happened in the “Bell controversy” (see also Chapter 3):

But to say that ethnographers should rename their informants as co-authors would be to conceal how this debt also involves forms of appropriation and translation: it would conceal that the ones who are known have not authorised the forms of writing and knowledge produced by ethnographers, but have been authorised by it. To say that Nelson was not a co-author in any “equal” sense of the term, is to point to the way in which Bell’s debt to her informants does not mean an overcoming of the power relations that allow the ethnographer to transform others into strangers, in order to mark out “a field (of knowledge).” (pp. 63–64) This brings to mind a scenario describe by Lydia, one of the Indigenous participants in my


When [a white woman] organizes an event in collaboration with other people, with [Native] women, I find that sometimes what the white women are doing is they’re working with a [Native] woman who will acquiesce to them... so it’s not genuine ally collaboration.... [a woman who will] cave to their needs, let them take the lead. [Native women] don’t have the same amount of power as that other person. Actually, that person has power over them.... Also, selecting abstracts with an Indigenous woman, where [the white woman has] power over her does not make it ally theory. You’re still exercising your power in selecting abstracts and who gets published in your book. Just because they have a body beside them that is an Indigenous woman, doesn’t mean it’s truly collaborative.

Here, Lydia renders hollow some white women’s claims of non-hierarchical collaboration attained through proximity—i.e., “they have a [Native] body beside them”—whether in event organization or academic publishing. Such claims work similarly to the ways in which statements of co-authorship can conceal the “forms of appropriation and translation” endemic to many academic/activist projects. Such claims can work to conceal preexisting power relations that establish the terms of the encounter.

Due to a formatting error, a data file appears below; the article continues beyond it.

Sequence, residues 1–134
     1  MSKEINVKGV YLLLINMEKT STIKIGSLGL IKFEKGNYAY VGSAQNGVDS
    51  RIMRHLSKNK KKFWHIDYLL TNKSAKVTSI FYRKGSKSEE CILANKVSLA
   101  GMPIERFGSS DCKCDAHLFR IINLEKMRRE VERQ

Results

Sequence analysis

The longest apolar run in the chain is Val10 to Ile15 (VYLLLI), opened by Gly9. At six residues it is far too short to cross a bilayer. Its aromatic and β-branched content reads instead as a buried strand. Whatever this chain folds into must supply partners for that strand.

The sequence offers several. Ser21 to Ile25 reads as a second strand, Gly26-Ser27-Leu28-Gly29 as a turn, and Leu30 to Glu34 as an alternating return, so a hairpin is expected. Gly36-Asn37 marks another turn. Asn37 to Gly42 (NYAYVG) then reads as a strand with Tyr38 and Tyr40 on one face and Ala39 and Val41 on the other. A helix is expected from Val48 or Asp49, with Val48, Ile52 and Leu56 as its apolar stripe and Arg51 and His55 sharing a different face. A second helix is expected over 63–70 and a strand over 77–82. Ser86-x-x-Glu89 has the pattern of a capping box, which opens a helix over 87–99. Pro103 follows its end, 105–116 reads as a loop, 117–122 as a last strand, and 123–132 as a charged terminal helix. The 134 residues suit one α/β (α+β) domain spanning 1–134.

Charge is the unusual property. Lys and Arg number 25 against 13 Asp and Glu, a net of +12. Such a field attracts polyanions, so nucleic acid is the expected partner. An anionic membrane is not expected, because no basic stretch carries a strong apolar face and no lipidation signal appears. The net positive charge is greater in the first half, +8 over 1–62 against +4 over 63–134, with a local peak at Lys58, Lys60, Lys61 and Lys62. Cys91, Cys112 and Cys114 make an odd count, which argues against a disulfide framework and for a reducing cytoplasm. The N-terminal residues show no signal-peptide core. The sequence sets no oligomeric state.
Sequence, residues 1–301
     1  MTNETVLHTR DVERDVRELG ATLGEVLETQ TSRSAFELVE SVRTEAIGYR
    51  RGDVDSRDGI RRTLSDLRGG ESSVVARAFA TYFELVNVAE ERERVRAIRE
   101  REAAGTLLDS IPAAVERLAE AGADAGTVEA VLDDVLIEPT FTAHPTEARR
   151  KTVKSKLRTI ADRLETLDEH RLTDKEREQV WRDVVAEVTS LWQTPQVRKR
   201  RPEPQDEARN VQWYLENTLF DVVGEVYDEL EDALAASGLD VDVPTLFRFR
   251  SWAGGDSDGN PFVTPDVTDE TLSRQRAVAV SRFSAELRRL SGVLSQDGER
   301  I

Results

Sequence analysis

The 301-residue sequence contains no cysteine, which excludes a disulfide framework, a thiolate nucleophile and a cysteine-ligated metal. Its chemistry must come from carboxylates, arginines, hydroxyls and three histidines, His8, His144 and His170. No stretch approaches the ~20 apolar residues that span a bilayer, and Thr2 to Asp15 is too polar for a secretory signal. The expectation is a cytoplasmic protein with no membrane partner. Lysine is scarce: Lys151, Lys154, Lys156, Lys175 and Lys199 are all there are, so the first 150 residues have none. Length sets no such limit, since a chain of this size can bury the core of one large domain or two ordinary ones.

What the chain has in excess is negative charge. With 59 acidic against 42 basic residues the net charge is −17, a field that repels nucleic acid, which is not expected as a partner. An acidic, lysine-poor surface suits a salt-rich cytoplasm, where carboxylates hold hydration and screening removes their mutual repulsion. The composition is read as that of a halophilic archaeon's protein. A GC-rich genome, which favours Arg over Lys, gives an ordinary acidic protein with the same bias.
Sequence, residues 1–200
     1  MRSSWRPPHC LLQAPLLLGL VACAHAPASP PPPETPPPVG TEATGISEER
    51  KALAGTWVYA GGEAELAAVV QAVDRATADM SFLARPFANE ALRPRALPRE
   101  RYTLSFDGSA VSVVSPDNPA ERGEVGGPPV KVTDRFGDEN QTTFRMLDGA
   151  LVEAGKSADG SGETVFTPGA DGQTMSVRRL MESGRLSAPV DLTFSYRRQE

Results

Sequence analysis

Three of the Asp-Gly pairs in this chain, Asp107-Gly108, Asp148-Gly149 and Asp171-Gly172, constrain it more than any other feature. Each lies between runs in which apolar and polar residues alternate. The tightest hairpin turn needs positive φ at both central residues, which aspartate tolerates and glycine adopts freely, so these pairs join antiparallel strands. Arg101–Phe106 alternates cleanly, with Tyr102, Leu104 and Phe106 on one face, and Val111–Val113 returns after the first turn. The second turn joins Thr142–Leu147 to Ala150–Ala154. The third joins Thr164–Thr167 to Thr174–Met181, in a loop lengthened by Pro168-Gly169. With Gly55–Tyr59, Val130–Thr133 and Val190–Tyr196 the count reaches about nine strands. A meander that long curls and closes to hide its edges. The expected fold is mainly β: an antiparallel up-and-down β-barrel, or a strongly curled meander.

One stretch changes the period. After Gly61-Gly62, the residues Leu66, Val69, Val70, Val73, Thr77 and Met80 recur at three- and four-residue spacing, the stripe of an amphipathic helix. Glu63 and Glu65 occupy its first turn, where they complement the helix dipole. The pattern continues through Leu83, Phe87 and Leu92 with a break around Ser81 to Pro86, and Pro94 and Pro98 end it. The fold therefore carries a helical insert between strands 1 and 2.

To continue with my analysis, I turn to Chloe, who positions herself as a white woman in her response to my CFP and who when interviewed shares her life story with little prompting. Her “narrative of becoming” seems particularly suggestive of how the desire to transform the settler Self through the Indigenous Other can unfold, and is replete with the kind of fantastical

elements described by Ahmed (2000) in her analysis of Dances with Wolves:

The tale of becoming... involves fantasy at the level of the fascination with the “strangers” that the subject enters a relationship with through becoming. It involves fantasy at a more structural level in terms of the organization of the narrative itself by a particular self–other dynamic. In other words, the story of becoming involves not just a destructuring of white masculinity, but its restructuring in relation to the other, who ceases to be a stranger, but instead becomes one’s “native self.” (p. 122) The structure of Chloe’s narrative is indeed organized by a “particular self–other dynamic,” which includes both a de- and restructuring of white femininity, in this case. About a third into the interview, Chloe makes repeated mention of her “Native self,” explaining that she moved to

her current location in part to be closer to her distant “Native roots”:

I’m not an outsider working with [Indigenous women]. [...] I’m one who got by all the doors, through all the doors. I’m a little ahead of them in progression, in the good things of life. I’m trying to help. Again, it’s something that we’re trying to help people who we, where we’re related to them, there’s blood ties, get ahead too. It’s not a social service.

When we gender Ahmed’s theory, we find an example of the doubly positioned white settler woman subject “becoming” a “helper” of Other women through proximity. This “particular self–other dynamic” is further layered, however. When pressed, Chloe explains that she thinks of her work with Indigenous women as neither solidarity nor charity, but as a process of reconnection with extended members of a family. Chloe describes her desire and efforts to

change what she considers her estranged status in relation to a specific Indigenous community:

I feel that it’s more a family feeling than solidarity. I feel that they are relatives. [...] We’re not going [to the upcoming celebration in a nearby Native community] to stay strangers; we’re going there to see distant relatives. [Solidarity] is not the feeling I have towards Native people because I’m aware that there’s this link, family link.